Human induced pluripotent stem cells (hiPSCs) have been highlighted as an alternative cell source for regenerative medicine. The discovery of hiPSCs provided a new strategy for drug screening and mechanistic studies of various diseases. Moreover, hiPSCs are a potential relevant cell source for the replacement of damaged tissues that have limited healing ability, such as the articular cartilage [24, 25]. Unlike BMSCs or native chondrocytes, the use of hiPSCs is highly recommended due to their high self-renewal ability and capacity to differentiate into targeted cells, including chondrocytes [26]. With the proper culture conditions, hiPSCs have greater potential as a replacement source to be used in cartilage regeneration.

In earlier reprogramming protocols, dermal fibroblasts were used for iPSC generation. Yet, the surgical biopsy procedure to obtain these cells restricted the opportunity for broad applications. Dermal fibroblasts are also reported to have higher genetic mutations due to exposure to environmental factors [27]. Blood cells were recommended as an alternative for reprogramming. Compared to fibroblasts, blood cells are a relatively accessible cell source. Blood cell-derived hiPSCs were successfully achieved with various reprogramming technologies [2830]. These attempts were equally successful with cord blood mononuclear cells (CBMCs) [3135].

In this study, we used CBMC-derived human iPSCs (CBMC-hiPSCs) for further experiments. Recently, CBMC-hiPSCs were successfully differentiated into cardiomyocytes and hepatocytes [17, 36, 37]. Previous work done by Guzzo et al., has shown the potential of CBMC-hiPSCs in chondrogenesis using micromass culture [38]. However, there is still much unknown about the chondrogenic regeneration ability of CBMC-hiPSCs, requiring further research. Chondrogenic pellets generated from CBMC-hiPSCs can be further used as a regenerative medicine in clinic. To achieve this goal, cartilage regeneration was attempted by pellet culture using CBMC-hiPSCs. Generated CBMC-hiPSCs were aggregated into embryoid bodies (EBs) and mesenchymal-like outgrowth cells were induced by attaching the EBs to a gelatin-coated dish. Chondrogenic pellets were generated using EB outgrowth cells.

Herein, we report the characteristics of cartilage-like chondrogenic pellets generated from CBMC-hiPSCs that indicate the possibility as a potential cell source for cartilage regeneration for future applications.


CBMC isolation

CBMCs were directly obtained from the Cord Blood Bank of the Seoul St. Mary’s Hospital. Cord blood was diluted with phosphate-buffered saline (PBS) and centrifuged through Ficoll gradient (GE Healthcare, Little Chalfont, UK) for 30 minutes at 850 × g. CBMCs were collected, washed, and frozen. Prior to being used, frozen CBMCs were thawed and resuspended in StemSpan medium (Stemcell Technologies, Vancouver, BC, Canada) supplemented with CC110 cytokine cocktail (Stemcell). Cells were maintained for 5 days at 5% CO2, 37 °C before reprogramming.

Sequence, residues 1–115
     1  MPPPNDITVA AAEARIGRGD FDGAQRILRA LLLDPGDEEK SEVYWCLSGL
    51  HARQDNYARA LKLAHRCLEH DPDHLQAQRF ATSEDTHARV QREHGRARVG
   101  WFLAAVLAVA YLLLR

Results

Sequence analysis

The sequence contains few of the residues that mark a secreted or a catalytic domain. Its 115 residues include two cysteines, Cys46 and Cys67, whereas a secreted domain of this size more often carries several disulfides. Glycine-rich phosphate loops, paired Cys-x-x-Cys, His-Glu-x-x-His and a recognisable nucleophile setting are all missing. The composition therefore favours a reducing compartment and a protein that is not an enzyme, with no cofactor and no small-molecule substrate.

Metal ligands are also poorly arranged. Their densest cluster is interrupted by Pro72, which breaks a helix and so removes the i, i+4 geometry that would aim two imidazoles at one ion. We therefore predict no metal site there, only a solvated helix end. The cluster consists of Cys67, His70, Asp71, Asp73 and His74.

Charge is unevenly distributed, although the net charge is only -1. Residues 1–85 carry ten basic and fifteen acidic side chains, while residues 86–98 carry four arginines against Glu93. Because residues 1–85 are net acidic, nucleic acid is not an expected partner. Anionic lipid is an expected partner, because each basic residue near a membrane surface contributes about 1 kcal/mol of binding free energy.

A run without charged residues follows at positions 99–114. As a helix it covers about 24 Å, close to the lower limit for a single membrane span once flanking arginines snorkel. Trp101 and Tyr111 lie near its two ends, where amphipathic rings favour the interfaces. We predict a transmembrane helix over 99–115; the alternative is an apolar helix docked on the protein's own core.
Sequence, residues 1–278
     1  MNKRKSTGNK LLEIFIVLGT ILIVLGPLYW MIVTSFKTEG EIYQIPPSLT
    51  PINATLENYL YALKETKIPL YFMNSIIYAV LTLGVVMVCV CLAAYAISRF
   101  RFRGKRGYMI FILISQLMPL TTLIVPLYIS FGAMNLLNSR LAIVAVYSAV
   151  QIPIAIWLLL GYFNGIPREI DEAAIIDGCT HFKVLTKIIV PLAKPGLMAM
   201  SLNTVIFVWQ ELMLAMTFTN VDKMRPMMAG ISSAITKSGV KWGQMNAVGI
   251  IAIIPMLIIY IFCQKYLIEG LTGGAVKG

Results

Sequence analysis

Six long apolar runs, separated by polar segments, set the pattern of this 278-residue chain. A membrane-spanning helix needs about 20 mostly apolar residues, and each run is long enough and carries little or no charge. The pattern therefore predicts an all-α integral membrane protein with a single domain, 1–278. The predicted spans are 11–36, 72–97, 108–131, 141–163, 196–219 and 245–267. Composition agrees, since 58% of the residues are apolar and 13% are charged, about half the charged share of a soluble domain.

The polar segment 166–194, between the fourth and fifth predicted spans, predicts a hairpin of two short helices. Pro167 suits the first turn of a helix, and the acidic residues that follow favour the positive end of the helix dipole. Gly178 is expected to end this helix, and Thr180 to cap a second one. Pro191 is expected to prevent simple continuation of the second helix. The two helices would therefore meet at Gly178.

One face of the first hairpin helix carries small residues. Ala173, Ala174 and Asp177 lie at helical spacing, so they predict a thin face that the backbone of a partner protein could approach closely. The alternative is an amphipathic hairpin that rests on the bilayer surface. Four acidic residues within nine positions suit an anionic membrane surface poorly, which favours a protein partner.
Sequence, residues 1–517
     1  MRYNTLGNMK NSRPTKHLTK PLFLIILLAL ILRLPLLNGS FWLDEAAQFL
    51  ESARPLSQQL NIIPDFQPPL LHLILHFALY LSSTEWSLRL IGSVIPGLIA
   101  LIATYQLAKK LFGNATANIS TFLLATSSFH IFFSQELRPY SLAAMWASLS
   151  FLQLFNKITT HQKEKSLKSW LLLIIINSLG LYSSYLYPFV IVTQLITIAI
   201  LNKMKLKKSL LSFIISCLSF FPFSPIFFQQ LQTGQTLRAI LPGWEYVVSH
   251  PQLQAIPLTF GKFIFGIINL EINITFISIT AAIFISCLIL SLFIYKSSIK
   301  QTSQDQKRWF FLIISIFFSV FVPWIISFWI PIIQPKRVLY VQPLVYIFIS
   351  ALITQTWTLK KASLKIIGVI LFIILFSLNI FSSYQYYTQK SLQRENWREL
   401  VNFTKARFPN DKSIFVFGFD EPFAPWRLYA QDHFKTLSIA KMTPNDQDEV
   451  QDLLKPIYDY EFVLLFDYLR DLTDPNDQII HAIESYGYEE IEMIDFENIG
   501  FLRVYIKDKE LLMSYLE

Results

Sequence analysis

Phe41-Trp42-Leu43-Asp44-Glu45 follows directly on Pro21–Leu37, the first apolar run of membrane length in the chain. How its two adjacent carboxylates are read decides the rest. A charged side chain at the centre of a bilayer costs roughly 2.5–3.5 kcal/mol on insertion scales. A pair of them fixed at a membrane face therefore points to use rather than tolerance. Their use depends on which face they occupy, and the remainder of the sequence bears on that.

Blood sample and ethics statement

The Institutional Review Board (IRB) of the Catholic University of Korea, Seoul St. Mary’s Hospital approved this study.

Reprogramming using Sendai virus

The generation of hiPSCs was followed by the procedures mentioned in our previous work [35]. CBMCs were counted (3 × 105) and seeded in one well of a 24-well plate. CytoTune-iPS Sendai Reprogramming Kit (Life Technologies, Carlsbad, CA, USA) was used to induce reprogramming. Transduction was performed with multiplicity of infection 7.5 per 3 × 105 cell infectious units. After adding the viral components, cells were centrifuged at 1160 × g, 35 °C for 30 minutes and incubated at 5% CO2, 37 °C. On the following day, cells were transferred to a vitronectin-coated 12-well plate (Life Technologies) and settled by centrifugation for 10 minutes at 1160 × g, 35 °C. TeSR-E8 medium (Stemcell) was added (1:1) after centrifugation. Reprogrammed cells were maintained and expanded in TeSR-E8 media with daily media change.

Alkaline phosphatase staining

To achieve colonies large enough for staining, 2 × 103 cells were seeded in one well of a vitronectin-coated 6-well plate and expanded for 5–7 days. Staining of undifferentiated iPSC colonies was done using an alkaline phosphatase detection kit (EMD Millipore, Billerica, MA, USA). Cells were washed with PBS containing 0.05% Tween-20 (PBST; Biosesang, Seongnam, Korea) and fixed with 4% paraformaldehyde (Biosesang) for 2 minutes. Staining reagents including Fast Red Violet, Naphthol AS-BI phosphate solution, and water were mixed in a 2:1:1 ratio. Cells were washed twice with PBST. The staining solution mixture was treated for 15 minutes at room temperature (RT). After incubation, cells were washed with PBST and covered with PBS to prevent drying. Stained colonies were surveyed under the microscope.

Immunocytochemical staining